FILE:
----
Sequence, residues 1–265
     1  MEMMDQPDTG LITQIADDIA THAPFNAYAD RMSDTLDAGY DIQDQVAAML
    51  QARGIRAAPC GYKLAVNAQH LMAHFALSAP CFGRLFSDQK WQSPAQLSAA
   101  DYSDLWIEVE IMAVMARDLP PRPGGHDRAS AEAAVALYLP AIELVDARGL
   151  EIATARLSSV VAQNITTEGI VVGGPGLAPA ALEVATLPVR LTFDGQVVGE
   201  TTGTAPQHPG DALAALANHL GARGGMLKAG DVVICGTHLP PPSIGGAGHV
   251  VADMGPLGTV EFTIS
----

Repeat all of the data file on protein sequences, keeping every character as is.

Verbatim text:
Sequence, residues 1–265
     1  MEMMDQPDTG LITQIADDIA THAPFNAYAD RMSDTLDAGY DIQDQVAAML
    51  QARGIRAAPC GYKLAVNAQH LMAHFALSAP CFGRLFSDQK WQSPAQLSAA
   101  DYSDLWIEVE IMAVMARDLP PRPGGHDRAS AEAAVALYLP AIELVDARGL
   151  EIATARLSSV VAQNITTEGI VVGGPGLAPA ALEVATLPVR LTFDGQVVGE
   201  TTGTAPQHPG DALAALANHL GARGGMLKAG DVVICGTHLP PPSIGGAGHV
   251  VADMGPLGTV EFTIS